Tens of thousands of US auto industry workers are losing their jobs and the nation's manufacturing base continues to shrink, yet the overwhelming majority of U.S. manufacturers say they are having trouble finding skilled help, according to a report issued this week.
The study by the National Association of Manufacturers and Deloitte Consulting "exposes a widening gap'' between the supply of skilled workers and manufacturers' growing technical demands, said NAM President John Engler, Michigan's former governor.
Eighty-one percent of manufacturers report moderate to severe shortages of qualified workers of all types, while 90 percent claim shortages of skilled production employees such as machinists and technicians, the survey said. Engineers and scientists also are in short supply.
The situation will get worse as more baby boomers retire and the skills that workers need to help their companies compete in a global economy ratchet up, the report noted.
The findings, similar to those of a 2001 study, are based on a poll of more than 800 association members, from large to small manufacturers. They raise questions about why companies are having trouble attracting workers when manufacturing jobs pay higher average wages than most service jobs and typically offer better benefits.
"You've got a cyclical factor here, which is significant,'' said Jerry Jasinowski, president of the Manufacturing Institute, NAM's research arm. "The severe 2001 manufacturing recession forced dramatic reduction in employment. We are now experiencing a strong manufacturing recovery where industrial output is increasing faster than GDP (gross domestic product).
"(But) the more important factor is the nature of global competition and rapidly changing technology, which has shifted the whole job description for modern manufacturing workers to a high-skill, high-performance level that we've not seen in the past,'' he added.
Among the remedies the association suggests are improving grade school education and career counseling, spending more payroll dollars on in-house training programs and improving the industry's image.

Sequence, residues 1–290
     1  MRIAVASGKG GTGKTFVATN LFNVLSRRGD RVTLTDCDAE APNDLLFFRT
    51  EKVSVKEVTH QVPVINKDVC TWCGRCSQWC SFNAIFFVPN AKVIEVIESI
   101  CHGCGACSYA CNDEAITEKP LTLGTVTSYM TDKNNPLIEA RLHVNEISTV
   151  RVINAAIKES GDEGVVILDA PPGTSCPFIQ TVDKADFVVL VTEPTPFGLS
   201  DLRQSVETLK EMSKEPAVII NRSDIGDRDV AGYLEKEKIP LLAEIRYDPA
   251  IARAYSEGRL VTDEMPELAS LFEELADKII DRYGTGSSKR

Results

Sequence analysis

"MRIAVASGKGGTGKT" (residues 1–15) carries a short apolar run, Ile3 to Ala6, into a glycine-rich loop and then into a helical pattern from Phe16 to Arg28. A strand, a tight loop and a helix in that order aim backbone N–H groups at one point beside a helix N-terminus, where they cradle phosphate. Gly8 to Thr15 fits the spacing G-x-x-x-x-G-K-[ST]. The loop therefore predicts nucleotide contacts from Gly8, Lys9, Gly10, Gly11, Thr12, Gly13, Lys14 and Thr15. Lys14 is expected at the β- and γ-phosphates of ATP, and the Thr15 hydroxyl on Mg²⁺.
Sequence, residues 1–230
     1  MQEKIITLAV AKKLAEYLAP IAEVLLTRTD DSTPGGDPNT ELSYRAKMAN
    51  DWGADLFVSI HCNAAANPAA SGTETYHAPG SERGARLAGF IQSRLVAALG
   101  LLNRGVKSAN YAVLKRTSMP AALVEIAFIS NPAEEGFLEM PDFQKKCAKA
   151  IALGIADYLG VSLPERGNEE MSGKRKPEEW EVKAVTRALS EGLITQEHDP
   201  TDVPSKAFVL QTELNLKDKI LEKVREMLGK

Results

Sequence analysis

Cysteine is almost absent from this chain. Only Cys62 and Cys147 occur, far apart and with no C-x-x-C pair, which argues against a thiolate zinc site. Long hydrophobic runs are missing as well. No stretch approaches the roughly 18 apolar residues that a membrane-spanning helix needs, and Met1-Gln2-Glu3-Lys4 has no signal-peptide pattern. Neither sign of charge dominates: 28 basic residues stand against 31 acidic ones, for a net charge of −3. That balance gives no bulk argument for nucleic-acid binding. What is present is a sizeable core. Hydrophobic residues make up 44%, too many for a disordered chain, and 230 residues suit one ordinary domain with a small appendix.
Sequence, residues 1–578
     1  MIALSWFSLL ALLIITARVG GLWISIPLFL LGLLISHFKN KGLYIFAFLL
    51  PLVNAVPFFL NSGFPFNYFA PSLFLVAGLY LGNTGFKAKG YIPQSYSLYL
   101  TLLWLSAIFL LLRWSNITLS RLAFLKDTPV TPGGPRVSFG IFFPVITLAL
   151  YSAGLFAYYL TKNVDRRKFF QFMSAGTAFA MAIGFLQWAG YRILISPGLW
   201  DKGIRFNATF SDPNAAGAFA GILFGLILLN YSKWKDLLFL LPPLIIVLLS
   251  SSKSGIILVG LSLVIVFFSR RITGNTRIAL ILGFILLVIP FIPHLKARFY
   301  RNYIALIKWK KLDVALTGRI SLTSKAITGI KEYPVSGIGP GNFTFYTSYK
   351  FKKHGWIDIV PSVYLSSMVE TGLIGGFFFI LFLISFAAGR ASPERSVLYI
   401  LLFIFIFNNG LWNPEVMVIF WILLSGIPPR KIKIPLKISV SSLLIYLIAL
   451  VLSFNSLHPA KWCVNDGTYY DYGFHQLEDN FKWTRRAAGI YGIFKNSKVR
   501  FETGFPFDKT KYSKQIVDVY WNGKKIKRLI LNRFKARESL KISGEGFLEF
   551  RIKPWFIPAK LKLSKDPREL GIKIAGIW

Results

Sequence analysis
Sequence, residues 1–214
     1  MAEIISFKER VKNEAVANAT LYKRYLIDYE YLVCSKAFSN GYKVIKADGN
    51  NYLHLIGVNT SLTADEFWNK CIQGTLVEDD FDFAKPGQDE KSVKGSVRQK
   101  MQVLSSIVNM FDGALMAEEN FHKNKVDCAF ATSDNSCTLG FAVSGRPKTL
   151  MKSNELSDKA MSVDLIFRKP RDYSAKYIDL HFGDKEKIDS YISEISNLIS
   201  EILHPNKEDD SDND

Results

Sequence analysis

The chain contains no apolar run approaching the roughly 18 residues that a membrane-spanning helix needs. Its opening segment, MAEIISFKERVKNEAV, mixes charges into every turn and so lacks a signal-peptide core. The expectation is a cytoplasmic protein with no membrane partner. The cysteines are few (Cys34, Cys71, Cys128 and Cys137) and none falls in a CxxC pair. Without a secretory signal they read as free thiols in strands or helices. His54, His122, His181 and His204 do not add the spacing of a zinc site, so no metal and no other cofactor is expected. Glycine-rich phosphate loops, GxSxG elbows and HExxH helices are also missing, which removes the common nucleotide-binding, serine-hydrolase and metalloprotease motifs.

In Illinois, which lost about one-fourth of its manufacturing jobs in the last 15 years, demand will be steady for highly skilled manufacturing workers over the next decade, according to a recent report by Northern Illinois University and the Center for Tax and Budget Accountability. It predicts the industry will employ more than 700,000 workers in Illinois in 2012, representing a net loss of about 7,000 from current levels.
Economists said skill shortages are temporary in free markets. "It's possible that the institutions that train people have been slow to respond,'' said University of Chicago Graduate School of Business economist Robert Topel.
Michael Handel, a sociologist at Northeastern University in Boston who specializes in worker skills, said complaints about employability go back decades.
"The people who were complained about 25 years ago in 'A Nation at Risk,' a government white paper about declining education, are now the people doing the complaining,'' he said.
Another factor is the decline in unions, which offered apprenticeships, he said. "Employers have been eager to move to nonunion regions but they also lose a partner when they do.''
Ron Bullock, chairman and chief executive of motor-manufacturer Bison Gear and Engineering Corp. in St. Charles, Ill., said the industry needs better partnerships with school systems.
"Relatively unskilled jobs, those are history,'' Bullock said. "Virtually every new machine tool we buy has a computer. You need to have good basic math and science backgrounds.''
His company has 10 openings for workers who can program and operate the computer systems that control the movement of tools and parts, and he's been looking for a year for an electrical engineer with a background in motor design.
Anne Edmunds, regional director in Chicago for staffing firm Manpower Inc., is forced to recruit workers from neighboring states for CNC (computer numerical control) positions at plants on Chicago's South Side.
"The shortage has really, really increased,'' she said. "I think we've depleted the talent in the market here.
"There a real gap between the entry-level industrial worker and what's needed today,'' she added. "We're using every avenue to get people trained.''